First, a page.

smidfoxAll should read this great piece by Bianca Phillips in Memphis’s alternative newsweekly, the Memphis Flyer. In it, she takes the reader back on a recap of what he and the Exodus flagship model Love In Action used to be, and describes the evolution Smid is undergoing as a result of meeting local gay filmmaker Morgan Jon Fox, whose documentary This Is What Love In Action Looks Like has been making its rounds this fall on the independent film festival circuit:

John Smid, the former director of ex-gay Christian ministry Love in Action, is a changed man.

Sitting in an office above the detached garage of his Germantown home, he has nothing but praise for the work of local gay filmmaker Morgan Jon Fox. Fox’s long-awaited documentary, This Is What Love in Action Looks Like, makes its local premiere at the Indie Memphis Film Festival on November 4th, and it was through the multi-year making of that film that Smid’s ideas about homosexuality began to shift dramatically.

“I’m realizing that people have the freedom in Christ to choose to live in a gay relationship. That’s not for me to judge on their behalf,” said Smid, who resigned as executive director of Love in Action in 2008. “I realize I was what the gay community often said I was: I was judgmental. I was critical. I was somewhat homophobic.”

People who were directly affected by Smid’s activities during his time at Love In Action are having varied reactions to Smid’s change in attitude, and that’s understandable. Peterson Toscano spoke to The Flyer for the article and had this to say, among other things:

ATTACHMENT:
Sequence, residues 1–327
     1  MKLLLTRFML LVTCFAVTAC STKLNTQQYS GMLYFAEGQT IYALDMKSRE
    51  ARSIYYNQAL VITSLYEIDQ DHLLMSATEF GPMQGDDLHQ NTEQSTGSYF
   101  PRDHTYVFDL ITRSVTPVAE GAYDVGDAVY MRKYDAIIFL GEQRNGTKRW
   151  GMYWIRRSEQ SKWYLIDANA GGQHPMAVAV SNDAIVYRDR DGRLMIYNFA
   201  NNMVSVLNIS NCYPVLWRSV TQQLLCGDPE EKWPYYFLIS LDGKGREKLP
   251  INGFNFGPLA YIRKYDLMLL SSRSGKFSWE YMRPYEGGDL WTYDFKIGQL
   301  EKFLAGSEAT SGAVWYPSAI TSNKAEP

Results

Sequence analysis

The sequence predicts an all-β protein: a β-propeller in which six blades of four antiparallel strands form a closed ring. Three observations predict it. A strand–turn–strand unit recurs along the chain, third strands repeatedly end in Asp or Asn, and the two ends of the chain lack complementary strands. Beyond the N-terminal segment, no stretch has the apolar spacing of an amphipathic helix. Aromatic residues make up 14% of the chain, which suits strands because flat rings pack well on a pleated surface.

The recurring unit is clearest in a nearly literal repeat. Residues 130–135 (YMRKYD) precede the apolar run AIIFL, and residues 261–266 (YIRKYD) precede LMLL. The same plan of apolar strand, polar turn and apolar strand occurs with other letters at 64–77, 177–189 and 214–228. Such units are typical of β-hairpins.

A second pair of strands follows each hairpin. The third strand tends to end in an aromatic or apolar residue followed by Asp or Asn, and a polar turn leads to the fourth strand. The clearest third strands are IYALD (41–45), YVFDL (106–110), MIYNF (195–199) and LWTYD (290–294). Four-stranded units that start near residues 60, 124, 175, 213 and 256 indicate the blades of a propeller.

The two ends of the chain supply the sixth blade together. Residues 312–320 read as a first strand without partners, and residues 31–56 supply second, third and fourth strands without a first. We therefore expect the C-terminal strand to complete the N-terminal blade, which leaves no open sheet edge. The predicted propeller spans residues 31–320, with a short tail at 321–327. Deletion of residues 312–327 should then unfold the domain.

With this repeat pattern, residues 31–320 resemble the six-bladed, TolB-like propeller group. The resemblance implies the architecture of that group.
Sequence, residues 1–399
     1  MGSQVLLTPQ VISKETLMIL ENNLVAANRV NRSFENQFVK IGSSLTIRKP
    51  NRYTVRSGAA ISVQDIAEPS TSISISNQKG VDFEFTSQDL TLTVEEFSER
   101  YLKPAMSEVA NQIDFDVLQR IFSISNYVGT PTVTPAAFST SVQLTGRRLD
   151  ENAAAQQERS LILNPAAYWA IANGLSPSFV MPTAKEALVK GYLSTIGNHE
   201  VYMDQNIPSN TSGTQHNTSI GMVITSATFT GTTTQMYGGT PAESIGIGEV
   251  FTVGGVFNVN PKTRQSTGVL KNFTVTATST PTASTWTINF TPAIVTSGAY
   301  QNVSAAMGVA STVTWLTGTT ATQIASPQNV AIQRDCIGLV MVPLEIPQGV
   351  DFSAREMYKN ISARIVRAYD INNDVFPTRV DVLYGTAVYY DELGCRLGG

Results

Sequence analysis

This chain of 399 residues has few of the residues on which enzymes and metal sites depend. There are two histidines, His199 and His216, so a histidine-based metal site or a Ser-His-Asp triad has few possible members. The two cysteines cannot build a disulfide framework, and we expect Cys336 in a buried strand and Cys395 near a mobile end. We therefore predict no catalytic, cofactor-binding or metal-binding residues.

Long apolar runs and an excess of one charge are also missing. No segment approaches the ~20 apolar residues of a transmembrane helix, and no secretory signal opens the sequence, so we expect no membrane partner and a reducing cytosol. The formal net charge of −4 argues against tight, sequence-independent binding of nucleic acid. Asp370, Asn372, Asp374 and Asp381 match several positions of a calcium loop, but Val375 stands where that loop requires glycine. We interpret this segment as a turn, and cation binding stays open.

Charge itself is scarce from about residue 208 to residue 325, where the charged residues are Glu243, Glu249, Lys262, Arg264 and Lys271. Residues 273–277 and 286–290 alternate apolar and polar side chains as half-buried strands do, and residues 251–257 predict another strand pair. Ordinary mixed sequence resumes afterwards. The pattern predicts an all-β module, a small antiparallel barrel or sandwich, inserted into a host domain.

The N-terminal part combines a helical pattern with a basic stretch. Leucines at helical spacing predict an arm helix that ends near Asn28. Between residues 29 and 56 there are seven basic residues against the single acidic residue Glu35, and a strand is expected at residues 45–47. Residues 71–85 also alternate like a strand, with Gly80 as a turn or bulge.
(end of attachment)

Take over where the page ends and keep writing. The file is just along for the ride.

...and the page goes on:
“Love in Action was oppression in this concentrated form, so I was very depressed afterwards and suicidal for a time,” said Toscano, who wrote the play Doin’ Time in the Homo No Mo Halfway House as a way to cope with the damage. “I was really confused, and there was lots of self-hatred and shame. There was lots of bad training about sexuality. Nobody was trained to teach anything.”

Toscano said one of Love in Action’s core teachings was especially damaging.

“They insisted that, as queer people, we were not able to have healthy relationships. So even friendships would become twisted and perverted because we became too emotionally needy,” Toscano said. “I found myself putting up walls five to six years later as I was getting to know people. I had it in my head that I couldn’t get close to people.”

So glib apologies aren’t really going to cut it, though it does seem like Smid really is starting to grasp what he did. Peterson has talked about Smid’s “evolution” extensively on his blog, so if you haven’t read that, do so.

Lastly, Bianca also interviewed me for the article and asked what Truth Wins Out’s response to this sort of thing is. Here is what I said:

Evan Hurst, the Memphis-based social media director for anti-ex-gay group Truth Wins Out, echoes the sentiment many former clients have publicly expressed.

“If [Smid] is on a path of personal growth and starting to grasp that he played a key part of inflicting harm onto people, that’s great. [Truth Wins Out] only wishes him the best in continuing on that road,” Hurst said. “But part of our mission is to expose this industry for what it is. We’re not shy about our goal, and that’s to let every single person know how harmful these ministries are.”

Yup! So anyway, go read the whole thing to see what you’re missing.

[image via The Memphis Flyer and Justin Fox Burks]